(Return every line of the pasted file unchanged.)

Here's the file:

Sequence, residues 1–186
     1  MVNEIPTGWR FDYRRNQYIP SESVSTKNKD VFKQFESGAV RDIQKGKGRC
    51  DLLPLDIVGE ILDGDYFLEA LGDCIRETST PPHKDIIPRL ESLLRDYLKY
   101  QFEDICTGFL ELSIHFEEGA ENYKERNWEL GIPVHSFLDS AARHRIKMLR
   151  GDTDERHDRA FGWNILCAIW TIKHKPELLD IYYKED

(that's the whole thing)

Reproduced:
Sequence, residues 1–186
     1  MVNEIPTGWR FDYRRNQYIP SESVSTKNKD VFKQFESGAV RDIQKGKGRC
    51  DLLPLDIVGE ILDGDYFLEA LGDCIRETST PPHKDIIPRL ESLLRDYLKY
   101  QFEDICTGFL ELSIHFEEGA ENYKERNWEL GIPVHSFLDS AARHRIKMLR
   151  GDTDERHDRA FGWNILCAIW TIKHKPELLD IYYKED